The NIDCOM boss had announced on Thursday that Nigerians were expected to arrive in Abuja yesterday in the first batch of the evacuation organised by the federal government. However, the attitude of the Egyptian authorities may delay this process as the foreign nationals were not being allowed to cross the border into Egypt since they arrived there late on Thursday.
Assuring that the “Nigerian mission in Egypt has been working tirelessly on this as the Egyptian authorities are insisting on visas by fellow Africans to transit back to their countries,” Dabiri-Erewa appealed to the Egyptian authorities to allow the already traumatised travellers to transit to their final destinations in various African countries.
On Thursday at a briefing at the State House, Abuja, She had said that 13 out of the 40 buses hired to transport Nigerians from Sudan had already left since Wednesday and moved by road to a border town of Aswan in Egypt where both the Embassy staff in Egypt and the director general of the National Emergency Management Agency (NEMA) would receive the evacuees.
She stated that 10 of the buses transported Nigerians from universities in Khartoum while the remaining three buses were dispatched to El- Razi University to convey students to a border town in Egypt.
On allegations of segregation and discrimination in the evacuation process, she explained that children and women were given priority as they were profiled for administrative purposes.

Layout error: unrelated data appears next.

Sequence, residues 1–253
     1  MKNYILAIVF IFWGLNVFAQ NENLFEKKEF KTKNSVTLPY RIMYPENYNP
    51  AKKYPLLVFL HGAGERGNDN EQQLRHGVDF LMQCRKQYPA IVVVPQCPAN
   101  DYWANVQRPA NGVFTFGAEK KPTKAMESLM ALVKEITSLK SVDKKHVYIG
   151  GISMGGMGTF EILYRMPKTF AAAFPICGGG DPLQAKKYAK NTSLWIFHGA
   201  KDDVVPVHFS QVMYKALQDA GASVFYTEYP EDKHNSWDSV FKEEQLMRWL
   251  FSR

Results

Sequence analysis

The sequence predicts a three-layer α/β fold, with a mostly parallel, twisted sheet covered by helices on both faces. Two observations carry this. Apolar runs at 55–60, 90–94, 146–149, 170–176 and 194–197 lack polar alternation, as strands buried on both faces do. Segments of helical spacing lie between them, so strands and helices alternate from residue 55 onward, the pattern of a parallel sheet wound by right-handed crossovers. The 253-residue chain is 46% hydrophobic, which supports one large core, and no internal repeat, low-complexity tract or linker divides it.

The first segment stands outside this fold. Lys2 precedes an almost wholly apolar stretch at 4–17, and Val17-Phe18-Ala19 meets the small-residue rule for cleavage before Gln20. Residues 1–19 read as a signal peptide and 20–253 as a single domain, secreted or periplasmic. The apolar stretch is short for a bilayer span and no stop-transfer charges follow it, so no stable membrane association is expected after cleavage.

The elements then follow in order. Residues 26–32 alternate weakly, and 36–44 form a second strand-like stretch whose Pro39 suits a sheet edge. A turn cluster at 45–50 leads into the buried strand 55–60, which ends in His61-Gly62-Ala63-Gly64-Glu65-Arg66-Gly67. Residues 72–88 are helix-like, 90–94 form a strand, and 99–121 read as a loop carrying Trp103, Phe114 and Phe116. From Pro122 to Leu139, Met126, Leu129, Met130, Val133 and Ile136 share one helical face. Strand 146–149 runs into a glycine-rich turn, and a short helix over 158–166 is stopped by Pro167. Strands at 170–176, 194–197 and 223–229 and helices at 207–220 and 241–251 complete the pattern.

The NIDCOM boss had earlier said a Boeing 777 plane from Airpeace would depart Lagos by the evening of Thursday and would transport the first batch back to Nigeria by yesterday.
On Thursday night she said in a tweet that the first batch of evacuees had arrived at the Aswan border and would leave for the airport first thing on Friday morning.
That didn’t happen as all the evacuees were stuck at different border crossings. There were also reports that some of the buses carrying the stranded Nigerian drove to the wrong borders, which had not been agreed upon between the Nigerian and Egyptian governments.
Dabiri-Erewa, however, assured Nigerians that all those who registered to be evacuated home will be returned to the country irrespective of status, gender and state.
She explained that besides the huge population of Nigerian students in Sudan, there were millions of other Nigerians in the country doing their legitimate businesses and residing there peacefully.
She allayed the fears of then being attacked by the warlords, saying the Minister of Foreign Affairs, Mr Geoffrey Onyeama, had already secured the understanding of the two warring parties before the transportation of Nigerians by road.
The Federal Executive Council (FEC) has approved $1.2 million to procure 40 buses for the immediate evacuation of the Nigerians stranded in Sudan.
According to the Minister of Foreign Affairs, Geoffrey Onyeama, the amount would be spent on the hiring of 40 luxury buses that will transport the stranded Nigerians from Khartoum in Sudan to Egypt, from where they will be airlifted to Nigeria.
Meanwhile, the Egyptian government said it had already eased requirements for Sudanese and other nationalities wishing to enter through the crossing points, including women, children and men above the age of 50, who may enter without a prior visa, but must still have a valid passport and vaccination card.
Men between the ages of 16 and 49 are required to have a valid passport and visa in addition to a vaccination card.
Egypt’s embassy in Khartoum, its consulate in Port Sudan and its consulate office in Wadi Halfa near the Arqeen crossing are responsible for issuing visas.